I started this post several weeks ago - but couldn't finish it... until now.
As it turns out, Inspector Climate is a very lucky 27 year old and not because he got to marry me. Until last week, Inspector Climate had four alive and reasonably healthy grandparents. FOUR.
That was until Tuesday happened. And his paternal grandfather (PG), who was healthy, passed away within 12 hours of collapsing.
The funeral was yesterday and it was both heartbreaking and full of love and celebration of a well spent 84 year old life.
I only knew PG for a few years. But I wanted to jot dot some memories before they fade over time.
The last time we spent any quality time with PG, he sat Inspector Climate down and said "You want to know how to keep a 60 year old marriage happy? Never tell your wife that she is F. A. T."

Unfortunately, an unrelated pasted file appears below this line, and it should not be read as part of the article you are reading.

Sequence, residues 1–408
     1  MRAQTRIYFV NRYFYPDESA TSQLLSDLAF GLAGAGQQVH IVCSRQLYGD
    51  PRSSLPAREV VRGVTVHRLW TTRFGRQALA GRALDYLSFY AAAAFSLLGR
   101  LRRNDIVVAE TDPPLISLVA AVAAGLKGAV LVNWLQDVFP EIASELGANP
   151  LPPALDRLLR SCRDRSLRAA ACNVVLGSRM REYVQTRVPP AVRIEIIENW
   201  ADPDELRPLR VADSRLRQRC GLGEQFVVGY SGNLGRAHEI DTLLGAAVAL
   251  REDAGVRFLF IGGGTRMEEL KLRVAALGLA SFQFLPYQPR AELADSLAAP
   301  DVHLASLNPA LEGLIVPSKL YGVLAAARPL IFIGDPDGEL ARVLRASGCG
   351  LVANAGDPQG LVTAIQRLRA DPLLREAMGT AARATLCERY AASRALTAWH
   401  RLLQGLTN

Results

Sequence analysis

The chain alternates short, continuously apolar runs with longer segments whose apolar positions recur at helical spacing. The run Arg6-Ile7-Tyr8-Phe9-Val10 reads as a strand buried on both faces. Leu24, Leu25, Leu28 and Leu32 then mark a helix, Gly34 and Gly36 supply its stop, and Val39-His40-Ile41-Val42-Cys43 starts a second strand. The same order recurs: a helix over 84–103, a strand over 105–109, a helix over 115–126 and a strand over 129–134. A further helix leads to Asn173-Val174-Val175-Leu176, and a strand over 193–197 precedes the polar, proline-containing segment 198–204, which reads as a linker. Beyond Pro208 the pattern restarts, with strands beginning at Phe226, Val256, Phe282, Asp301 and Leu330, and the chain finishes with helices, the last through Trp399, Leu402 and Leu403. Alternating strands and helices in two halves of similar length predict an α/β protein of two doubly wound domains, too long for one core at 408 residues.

He loved talking to me about his one trip over seas to Chicago and getting out the atlas so I could show him the town I'm from in the US.
He loved telling me about Inspector Climate's heritage (Inspector Climate's ancestors were some of the first convicts to come to Australia) about how they went to Tasmania to do more research about their convict past.
Inspector Climate was the first of his grandchildren to get married, and I'm so happy that he got to be there at our Australian wedding. He hugged me after the ceremony and told me how happy he was that I was part of the family now. He called me Mrs. Inspector Climate even though I eventually decided to not change my name - and when anyone else does it, I grit my teeth and tell myself that I shouldn't yell at them, but when he did it - it didn't seem quite so awful.
While I was struggling with some serious homesickness during the funeral - the way I was included and embraced in the Climate family is certainly part of PG's legacy. There is no "non" cliche way to say it, but family came first to him - and I'm family.